6. 6. A method of flow cytometry according to claim 5 wherein said alteration values are based upon a zoom and tracking element allowing said altered data points to increase discrimination of said at least two populations of said n-dimensional data.
  7. 7. A method of flow cytometry according to claim 4 and further comprising the step of simultaneously processing said n-dimensional parameter data to mathematically achieve numerical results of both said rotational alteration and said scaled alteration.
  8. 8. A method of flow cytometry according to claim 1 or 4 and further comprising the steps of:
    combining said n-dimensional parameter data to mathematically achieve numerical results representative of a translational alteration; and
    real-time classifying said n-dimensional parameter data of each of said individual particles into one of said at least two populations based upon said numerical results representative of said translational alteration.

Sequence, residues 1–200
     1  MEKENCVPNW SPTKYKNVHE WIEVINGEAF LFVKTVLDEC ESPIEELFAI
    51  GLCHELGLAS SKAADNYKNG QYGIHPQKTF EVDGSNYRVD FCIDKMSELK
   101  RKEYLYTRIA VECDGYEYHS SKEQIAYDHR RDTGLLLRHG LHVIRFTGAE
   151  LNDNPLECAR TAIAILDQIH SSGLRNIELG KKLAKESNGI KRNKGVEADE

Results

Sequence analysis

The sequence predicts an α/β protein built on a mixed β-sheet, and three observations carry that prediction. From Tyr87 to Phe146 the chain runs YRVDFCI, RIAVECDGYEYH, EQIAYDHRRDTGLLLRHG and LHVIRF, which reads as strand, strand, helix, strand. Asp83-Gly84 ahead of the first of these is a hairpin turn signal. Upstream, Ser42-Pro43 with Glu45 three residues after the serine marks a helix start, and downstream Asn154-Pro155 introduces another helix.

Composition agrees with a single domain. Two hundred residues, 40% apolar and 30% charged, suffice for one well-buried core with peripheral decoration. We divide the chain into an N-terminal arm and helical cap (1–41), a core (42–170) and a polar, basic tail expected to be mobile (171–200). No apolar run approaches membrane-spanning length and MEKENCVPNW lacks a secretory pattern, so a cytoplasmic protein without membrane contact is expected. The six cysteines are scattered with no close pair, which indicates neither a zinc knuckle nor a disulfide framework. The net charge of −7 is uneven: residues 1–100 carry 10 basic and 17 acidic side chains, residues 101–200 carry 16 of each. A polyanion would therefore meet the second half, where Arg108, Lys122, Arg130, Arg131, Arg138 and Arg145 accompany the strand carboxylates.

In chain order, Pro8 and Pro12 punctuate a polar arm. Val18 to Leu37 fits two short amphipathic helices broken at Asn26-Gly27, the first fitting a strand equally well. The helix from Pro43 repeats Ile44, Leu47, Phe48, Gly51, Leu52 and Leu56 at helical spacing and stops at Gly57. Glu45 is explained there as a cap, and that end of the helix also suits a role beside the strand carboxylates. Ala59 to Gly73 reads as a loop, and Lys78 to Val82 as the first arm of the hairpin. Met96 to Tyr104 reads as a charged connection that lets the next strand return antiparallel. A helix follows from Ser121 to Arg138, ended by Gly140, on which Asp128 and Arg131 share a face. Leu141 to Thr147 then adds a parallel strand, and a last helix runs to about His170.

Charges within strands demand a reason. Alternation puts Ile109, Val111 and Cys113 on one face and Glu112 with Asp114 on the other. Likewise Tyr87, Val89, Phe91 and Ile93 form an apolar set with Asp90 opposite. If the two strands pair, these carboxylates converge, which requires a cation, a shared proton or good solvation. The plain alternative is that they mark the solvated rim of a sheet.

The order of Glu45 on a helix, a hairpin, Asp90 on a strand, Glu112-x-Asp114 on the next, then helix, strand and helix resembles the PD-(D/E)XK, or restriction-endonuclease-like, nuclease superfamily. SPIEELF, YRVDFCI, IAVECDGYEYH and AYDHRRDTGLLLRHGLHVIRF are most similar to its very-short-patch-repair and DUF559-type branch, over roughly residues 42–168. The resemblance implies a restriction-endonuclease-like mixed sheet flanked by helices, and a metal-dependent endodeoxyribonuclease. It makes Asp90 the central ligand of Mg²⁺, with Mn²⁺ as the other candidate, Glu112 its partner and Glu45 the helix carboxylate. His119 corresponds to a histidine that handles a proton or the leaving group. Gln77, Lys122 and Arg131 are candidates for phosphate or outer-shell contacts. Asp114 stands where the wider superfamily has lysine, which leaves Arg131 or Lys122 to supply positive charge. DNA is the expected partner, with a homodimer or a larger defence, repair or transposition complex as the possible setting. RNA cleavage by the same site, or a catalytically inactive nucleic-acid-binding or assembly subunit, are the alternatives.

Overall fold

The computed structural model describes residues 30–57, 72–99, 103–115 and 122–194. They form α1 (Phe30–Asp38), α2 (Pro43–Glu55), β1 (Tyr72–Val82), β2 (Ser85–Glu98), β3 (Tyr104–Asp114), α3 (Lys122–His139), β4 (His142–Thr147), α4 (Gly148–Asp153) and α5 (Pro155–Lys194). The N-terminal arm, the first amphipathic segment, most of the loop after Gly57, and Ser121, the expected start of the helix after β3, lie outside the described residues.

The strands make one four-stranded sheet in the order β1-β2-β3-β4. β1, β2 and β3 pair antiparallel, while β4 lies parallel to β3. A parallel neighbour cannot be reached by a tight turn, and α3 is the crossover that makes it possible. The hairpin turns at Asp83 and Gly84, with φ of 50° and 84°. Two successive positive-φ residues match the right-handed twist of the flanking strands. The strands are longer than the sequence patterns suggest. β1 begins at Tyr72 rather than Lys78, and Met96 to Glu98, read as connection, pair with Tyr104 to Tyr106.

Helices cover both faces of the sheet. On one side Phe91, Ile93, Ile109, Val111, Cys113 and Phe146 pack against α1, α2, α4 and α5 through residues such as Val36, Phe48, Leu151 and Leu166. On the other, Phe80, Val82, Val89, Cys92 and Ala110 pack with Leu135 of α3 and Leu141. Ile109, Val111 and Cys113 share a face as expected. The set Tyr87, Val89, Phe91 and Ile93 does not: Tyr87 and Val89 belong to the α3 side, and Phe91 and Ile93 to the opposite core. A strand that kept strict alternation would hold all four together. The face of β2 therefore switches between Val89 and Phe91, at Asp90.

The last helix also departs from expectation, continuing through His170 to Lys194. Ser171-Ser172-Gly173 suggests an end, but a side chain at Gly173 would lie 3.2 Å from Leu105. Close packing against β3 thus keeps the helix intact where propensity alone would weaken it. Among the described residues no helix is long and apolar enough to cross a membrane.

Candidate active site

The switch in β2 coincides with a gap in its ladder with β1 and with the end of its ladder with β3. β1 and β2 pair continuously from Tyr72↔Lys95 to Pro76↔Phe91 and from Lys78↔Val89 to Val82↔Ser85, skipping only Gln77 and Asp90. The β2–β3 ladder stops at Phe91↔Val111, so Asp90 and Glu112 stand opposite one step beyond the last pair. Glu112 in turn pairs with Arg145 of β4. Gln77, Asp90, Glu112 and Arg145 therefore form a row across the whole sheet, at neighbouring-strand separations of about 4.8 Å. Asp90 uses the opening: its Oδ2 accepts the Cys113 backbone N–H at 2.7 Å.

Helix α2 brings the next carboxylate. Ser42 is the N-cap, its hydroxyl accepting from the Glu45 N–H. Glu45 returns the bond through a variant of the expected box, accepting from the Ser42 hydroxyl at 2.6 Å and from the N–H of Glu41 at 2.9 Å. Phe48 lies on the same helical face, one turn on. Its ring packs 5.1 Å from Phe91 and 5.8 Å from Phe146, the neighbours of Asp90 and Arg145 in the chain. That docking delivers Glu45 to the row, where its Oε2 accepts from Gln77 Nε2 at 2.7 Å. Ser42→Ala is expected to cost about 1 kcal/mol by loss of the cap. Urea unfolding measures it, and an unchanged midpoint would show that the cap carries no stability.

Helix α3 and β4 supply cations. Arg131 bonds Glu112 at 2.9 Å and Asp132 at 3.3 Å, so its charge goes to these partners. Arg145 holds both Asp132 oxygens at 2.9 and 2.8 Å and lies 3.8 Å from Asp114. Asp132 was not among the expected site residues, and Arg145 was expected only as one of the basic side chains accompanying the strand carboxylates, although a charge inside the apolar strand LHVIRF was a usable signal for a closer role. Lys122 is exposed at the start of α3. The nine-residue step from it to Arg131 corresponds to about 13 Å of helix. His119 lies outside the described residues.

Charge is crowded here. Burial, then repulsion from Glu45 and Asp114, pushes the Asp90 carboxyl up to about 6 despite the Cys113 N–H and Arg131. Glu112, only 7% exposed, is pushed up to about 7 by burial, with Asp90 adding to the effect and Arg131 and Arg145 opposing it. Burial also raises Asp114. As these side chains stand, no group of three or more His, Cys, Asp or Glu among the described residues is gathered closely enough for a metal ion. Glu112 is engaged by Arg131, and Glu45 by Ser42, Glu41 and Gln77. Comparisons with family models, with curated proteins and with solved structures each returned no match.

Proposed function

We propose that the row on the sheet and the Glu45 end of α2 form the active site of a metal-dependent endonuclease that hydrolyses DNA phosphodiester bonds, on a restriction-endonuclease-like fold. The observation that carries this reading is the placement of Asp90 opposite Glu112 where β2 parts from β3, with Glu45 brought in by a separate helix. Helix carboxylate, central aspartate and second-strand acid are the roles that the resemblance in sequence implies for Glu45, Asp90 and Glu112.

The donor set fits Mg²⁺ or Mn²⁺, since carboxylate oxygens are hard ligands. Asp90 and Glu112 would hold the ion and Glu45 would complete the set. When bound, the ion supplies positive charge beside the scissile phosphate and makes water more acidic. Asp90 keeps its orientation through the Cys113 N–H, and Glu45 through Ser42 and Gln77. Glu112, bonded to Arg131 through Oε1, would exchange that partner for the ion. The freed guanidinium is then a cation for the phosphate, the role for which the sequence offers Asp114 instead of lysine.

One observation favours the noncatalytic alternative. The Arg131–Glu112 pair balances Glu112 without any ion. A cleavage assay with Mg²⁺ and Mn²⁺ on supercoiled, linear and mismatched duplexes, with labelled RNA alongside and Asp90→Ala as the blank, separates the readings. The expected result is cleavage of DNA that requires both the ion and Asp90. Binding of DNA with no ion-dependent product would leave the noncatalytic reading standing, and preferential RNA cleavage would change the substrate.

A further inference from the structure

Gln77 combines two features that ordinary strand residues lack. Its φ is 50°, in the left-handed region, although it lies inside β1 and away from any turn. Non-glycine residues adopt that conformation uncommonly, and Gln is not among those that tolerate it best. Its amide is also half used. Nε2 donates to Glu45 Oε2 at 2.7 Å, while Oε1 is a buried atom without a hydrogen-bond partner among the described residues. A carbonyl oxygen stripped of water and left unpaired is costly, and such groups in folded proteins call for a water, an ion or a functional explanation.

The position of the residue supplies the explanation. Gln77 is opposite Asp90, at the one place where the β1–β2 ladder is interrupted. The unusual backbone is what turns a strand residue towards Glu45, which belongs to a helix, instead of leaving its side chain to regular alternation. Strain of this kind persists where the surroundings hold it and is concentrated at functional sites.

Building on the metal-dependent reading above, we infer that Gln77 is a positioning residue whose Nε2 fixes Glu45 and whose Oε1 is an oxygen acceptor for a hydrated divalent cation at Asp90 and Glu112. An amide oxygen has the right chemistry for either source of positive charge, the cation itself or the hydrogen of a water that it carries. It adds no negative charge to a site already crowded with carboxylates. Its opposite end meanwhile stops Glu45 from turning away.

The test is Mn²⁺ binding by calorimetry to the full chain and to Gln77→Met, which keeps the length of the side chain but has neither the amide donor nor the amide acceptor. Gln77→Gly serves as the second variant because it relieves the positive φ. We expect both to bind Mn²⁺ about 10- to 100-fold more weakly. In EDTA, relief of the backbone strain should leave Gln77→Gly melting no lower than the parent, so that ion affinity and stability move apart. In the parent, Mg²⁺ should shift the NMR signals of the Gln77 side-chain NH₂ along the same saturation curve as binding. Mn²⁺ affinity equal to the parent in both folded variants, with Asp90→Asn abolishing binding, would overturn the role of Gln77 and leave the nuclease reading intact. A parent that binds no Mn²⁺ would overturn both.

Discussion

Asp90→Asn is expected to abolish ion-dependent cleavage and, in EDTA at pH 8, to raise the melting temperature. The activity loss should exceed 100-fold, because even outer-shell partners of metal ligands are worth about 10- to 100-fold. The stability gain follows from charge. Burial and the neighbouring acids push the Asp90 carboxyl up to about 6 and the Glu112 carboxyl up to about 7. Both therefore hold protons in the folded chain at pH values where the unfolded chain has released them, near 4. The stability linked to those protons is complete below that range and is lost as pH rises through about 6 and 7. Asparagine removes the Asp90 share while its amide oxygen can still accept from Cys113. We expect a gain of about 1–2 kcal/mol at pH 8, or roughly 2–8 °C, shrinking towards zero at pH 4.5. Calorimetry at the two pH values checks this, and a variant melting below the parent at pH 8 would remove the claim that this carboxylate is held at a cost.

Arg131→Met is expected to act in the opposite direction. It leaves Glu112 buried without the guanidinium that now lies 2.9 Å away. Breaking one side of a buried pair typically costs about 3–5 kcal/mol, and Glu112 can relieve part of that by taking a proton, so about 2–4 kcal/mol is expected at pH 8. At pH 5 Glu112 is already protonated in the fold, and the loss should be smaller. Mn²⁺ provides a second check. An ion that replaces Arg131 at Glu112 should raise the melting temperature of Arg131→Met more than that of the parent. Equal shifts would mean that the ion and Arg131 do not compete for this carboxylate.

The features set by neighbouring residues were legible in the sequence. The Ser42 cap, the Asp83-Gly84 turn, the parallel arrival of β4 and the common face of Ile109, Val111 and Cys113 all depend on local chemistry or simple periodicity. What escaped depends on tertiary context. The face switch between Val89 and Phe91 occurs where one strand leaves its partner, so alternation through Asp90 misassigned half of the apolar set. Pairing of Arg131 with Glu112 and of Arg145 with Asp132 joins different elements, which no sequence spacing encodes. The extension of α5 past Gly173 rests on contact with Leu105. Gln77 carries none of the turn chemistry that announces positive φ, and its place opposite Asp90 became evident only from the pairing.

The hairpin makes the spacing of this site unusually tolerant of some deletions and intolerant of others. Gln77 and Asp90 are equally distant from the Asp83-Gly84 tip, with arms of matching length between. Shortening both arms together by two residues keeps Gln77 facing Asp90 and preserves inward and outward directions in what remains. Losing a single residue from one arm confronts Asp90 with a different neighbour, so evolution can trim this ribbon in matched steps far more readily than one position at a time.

9. 9. A method of flow cytometry according to claim 8 wherein said step of combining said n-dimensional parameter data to mathematically achieve numerical results representative of a translational alteration comprises the steps of:
    providing a n-dimensional space alteration function having at least:
    a first 1st-dimensional alteration value, a second 1st-dimensional alteration value, and a third 1st-dimensional alteration value; and
    a first 2nd-dimensional alteration value, a second 2nd-dimensional alteration value, and a third 2nd-dimensional alteration value;
    calculating said first 1st-dimensional alteration value times a 1st-dimensional data point summed with said second 1st-dimensional alteration value times a 2nd-dimensional data point summed with said third 1st-dimensional alteration value times a 3rd-dimensional data point to thereby create a first dimensional altered data point; and